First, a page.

In the ovaries, eggs rest in fluid filled sacs called follicles. When follicles grow they form small fluid-filled cysts that can be easily seen when we use ultrasound to view the ovaries. In women with regular menstrual cycles, groups of follicles grow and regress 2 to 3 times during their cycle (usually over a 28- day period). Several of these follicles grow to a stage where they begin to develop the potential to ovulate - but in general only one follicle is chosen to ovulate. Thus, at any given time during the menstrual cycle, numerous fluid-filled follicles can be visualized in a woman's ovaries at various stages of development using transvaginal ultrasonography. In women with absent or infrequent menstrual cycles, very little is known about the growth patterns of their follicles and how factors such as metabolic hormones, might play a role in the failure to ovulate. Being underweight or overweight increases your chances of having irregular or absent menstrual cycles and a history of abnormal reproductive function compounds your risks for chronic diseases such as infertility, diabetes, hypertension, atherosclerosis and certain cancers. This is particularly the case for women with PCOS that have menstrual cycles that appear to worsen or improve depending on their body weight and metabolic status. Polycystic ovary syndrome (PCOS) is an endocrine disorder that affects 6-12% of reproductive-aged women within the general population. The hallmark features of PCOS are menstrual irregularity, increased levels of androgens, and polycystic ovaries. The current diagnostic criteria require 2 out of 3 of these features to be present for the diagnosis, therefore a number of phenotypes of PCOS exist. However, the metabolic and reproductive differences across the phenotypic spectrum of PCOS are not well understood. Women with PCOS characteristically have polycystic ovaries, where up to 10 times more follicles are present in the ovary at any given time. Further, the follicle-size populations and overall distribution throughout the ovary varies in women - follicles may be situated around the periphery of the ovary or may be distributed throughout the ovary. Presumably these small follicles are arrested in development - but emerging data from the Lujan laboratory suggest that this is not the case. Rather, follicles continue to grow in a dynamic pattern during these prolonged periods of anovulation. By comparing follicle populations, reproductive hormones and markers of metabolism in women with regular cycles, women with irregular cycles, and women with a history of PCOS, the researchers plan to identify what factors might explain why fertility potential and long-term health are compromised in some women but not in others. By including women at both early and late stages of their reproductive potential, the researchers will also be able to assess what influence age has on these factors. The ultimate goal of this research is to understand how nutrition and metabolism regulate follicle development in women so we can better develop lifestyle and drug therapies to help women preserve their fertility and long-term health. Since obesity has recently become the leading cause of infertility in North America, these studies are especially important.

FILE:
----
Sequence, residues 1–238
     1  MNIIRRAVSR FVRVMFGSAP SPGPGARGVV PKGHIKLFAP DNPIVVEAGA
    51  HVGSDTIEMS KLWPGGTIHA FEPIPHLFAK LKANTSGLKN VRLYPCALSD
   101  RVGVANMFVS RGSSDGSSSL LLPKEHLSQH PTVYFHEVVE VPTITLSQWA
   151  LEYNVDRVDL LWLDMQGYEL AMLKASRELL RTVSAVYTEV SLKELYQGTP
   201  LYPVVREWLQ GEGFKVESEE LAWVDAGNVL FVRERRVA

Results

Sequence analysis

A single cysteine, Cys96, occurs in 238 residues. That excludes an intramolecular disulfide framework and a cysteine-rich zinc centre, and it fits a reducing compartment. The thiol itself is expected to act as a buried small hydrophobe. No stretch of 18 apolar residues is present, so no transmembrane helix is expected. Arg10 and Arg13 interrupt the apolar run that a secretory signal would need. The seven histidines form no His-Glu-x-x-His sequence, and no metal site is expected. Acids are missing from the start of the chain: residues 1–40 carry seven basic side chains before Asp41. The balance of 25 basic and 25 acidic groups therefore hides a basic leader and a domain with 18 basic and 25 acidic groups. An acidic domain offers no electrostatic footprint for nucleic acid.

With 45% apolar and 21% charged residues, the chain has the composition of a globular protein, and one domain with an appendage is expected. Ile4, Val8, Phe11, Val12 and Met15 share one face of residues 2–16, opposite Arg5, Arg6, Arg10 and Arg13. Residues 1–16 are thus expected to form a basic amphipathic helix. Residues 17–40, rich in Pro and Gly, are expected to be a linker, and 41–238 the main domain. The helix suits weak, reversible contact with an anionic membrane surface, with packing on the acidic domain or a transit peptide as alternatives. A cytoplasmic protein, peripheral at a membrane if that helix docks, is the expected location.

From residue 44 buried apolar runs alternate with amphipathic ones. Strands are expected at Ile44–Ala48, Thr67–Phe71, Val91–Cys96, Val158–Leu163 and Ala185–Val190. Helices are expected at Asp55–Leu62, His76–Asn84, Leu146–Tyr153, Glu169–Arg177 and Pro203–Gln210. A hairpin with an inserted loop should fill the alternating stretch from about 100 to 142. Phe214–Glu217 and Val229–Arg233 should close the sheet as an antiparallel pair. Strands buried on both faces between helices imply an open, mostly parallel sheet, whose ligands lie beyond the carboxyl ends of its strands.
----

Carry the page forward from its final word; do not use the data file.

Current research has failed to thoroughly examine the relationships between dietary intake, energy expenditure and PCOS. The purpose of this proposed study is to identify lifestyle factors associated with PCOS. Through dietary intake and energy expenditure data, the researchers plan to examine potential lifestyle differences between PCOS and healthy women, as well as between BMI classifications within women with PCOS. The Research Team will also be able to evaluate the diet quality according to the USDA Dietary Guidelines for Americans of all women included in the study. The Research Team is also interested in the relationships between biological markers and lifestyle endpoints in women with and without PCOS. Previous literature has shown there are biological marker differences between those with and without PCOS. By examining these relationships, researchers may further understand whether PCOS status is associated with lifestyle parameters.